ures (reactivated in the psychoanalytic situation in archaic selfobject transferences only) pertained only to early (preoedipal) childhood o r even only to infancy—was another assumption silently made by many critical colleagues. T h e y mistakenly took for granted that my theory o f the reactivation o f selfobject needs in analysis and o f the curative effect o f the working through o f these needs implied that, once the archaic selfobjects had been transmuted into self structure, object-instinctual relationships would take the place o f narcissistic ones. Colleagues making this assumption clearly failed to take into consideration that from 1966 on I postulated separate lines o f d e v e l o p m e n t for narcissism and object love (i.e., I maintained from the outset that narcissism did not mature by turning into object love). Instead, I expressly equated such maturation with: (1) the d e v e l o p m e n t toward such mature forms o f narcissistic expression as realistic self-esteem; the ability to be guided and sustained by realizable ideals; and the achievement o f such "wholesome transformations" as humor, creativity, empathy and wisdom (Kohut, 1966); (2) the selfs progressing toward a mature attitude in relation to its selfobjects, that is, toward the acquisition o f the ability to seek and find realistically available other selves w h o will sustain it by functioning as mirrors and ideals. I might add here that even many colleagues who, from early on, accepted my postulate o f separate developmental lines failed to draw the appropriate conclusion with regard to the successful analysis o f narcissistic personality disorders; they too overlooked the fact that, already in 1971, I clearly equated such therapeutic success with the maturation o f "narcissism." But I must g o still further in clarifying the problem under discussion. Assuming a colleague accepts the occurrence of selfobject transferences and their analyzability; assuming also that he understands that selfobject failures occur not only in infancy and early childhood but throughout early life as the ultimate cause o f psychopathology; assuming finally that he accepts the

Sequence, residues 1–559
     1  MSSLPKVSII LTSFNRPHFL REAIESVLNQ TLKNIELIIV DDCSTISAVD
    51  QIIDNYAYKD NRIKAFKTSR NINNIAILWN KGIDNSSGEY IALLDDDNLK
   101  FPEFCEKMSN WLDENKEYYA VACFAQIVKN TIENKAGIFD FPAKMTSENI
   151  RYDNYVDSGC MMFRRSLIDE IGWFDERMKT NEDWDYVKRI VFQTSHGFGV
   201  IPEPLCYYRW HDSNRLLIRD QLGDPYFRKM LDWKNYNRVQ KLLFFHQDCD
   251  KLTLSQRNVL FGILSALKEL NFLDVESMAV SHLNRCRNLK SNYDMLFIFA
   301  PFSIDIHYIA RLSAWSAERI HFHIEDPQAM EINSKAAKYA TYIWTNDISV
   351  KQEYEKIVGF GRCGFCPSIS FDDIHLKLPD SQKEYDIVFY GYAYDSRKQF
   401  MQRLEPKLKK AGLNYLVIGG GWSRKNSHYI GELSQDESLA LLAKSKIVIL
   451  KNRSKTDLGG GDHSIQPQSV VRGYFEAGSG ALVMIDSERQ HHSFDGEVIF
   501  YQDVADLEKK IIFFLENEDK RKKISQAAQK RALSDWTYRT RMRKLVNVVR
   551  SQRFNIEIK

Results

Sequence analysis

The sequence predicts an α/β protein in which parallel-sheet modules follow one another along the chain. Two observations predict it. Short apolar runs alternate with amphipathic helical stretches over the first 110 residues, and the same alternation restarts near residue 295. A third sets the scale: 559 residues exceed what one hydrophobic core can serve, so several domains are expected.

idea that, after successful analysis, archaic selfobject needs are replaced by the need for mature selfobjects—cannot this colleague still question whether we have overextended the meaning o f the term "selfobject," whether our theory in fact provides for anything but selfobject relationships? My answer is that I am much m o r e a drive psychologist than some o f the critics o f self psychology. Self psychology does not replace drive psychology any m o r e than quantum physics replaces the physics o f N e w t o n . W e are dealing with different vantage points, shifts in outlook, complementarity o f perspective. M o d e r n extrospective science is very free to e m p l o y different approaches to the explanation o f external reality; m o d e r n introspective science, I am convinced, must be equally free in its d o m a i n . ' Self psychology will continue to explain the " I ' s " experience o f the "you" from the viewpoint o f our empathic comprehension o f a strong, harmonious, cohesive self that is pushed toward others by sexual and aggressive drives, a self that turns toward others experienced as independent centers o f initiative differentiated from itself. U n d e r different circumstances, however, empathic comprehension will lead us to speak o f a self in various states o f structural fragmentation, weakness, or disharmony—not only when its disruption is severe and protracted but also when its disturbance is only fleeting and mild. Such a self is in need o f others—or, repeating what I stressed earlier, at least in need o f others as "others" are apprehended by the sociopsychological observer—whom it experiences not as independent centers o f initiative, but as extensions o f itself that can p r o v i d e needed sustenance and strength. O u r mother lifted us up and held us close when we w e r e babies and thus enabled us to m e r g e with her calmness and strength; she was an archaic idealized selfobject. A friend puts his arm around us or under-

Ί d o not take u p here the idea, to which I have referred informally to my colleagues on a n u m b e r o f occasions, that certain theoretical inconsistencies are valuable a n d that, temporarily at least, they should be tolerated as unresolved because o f the "creative" tension they generate.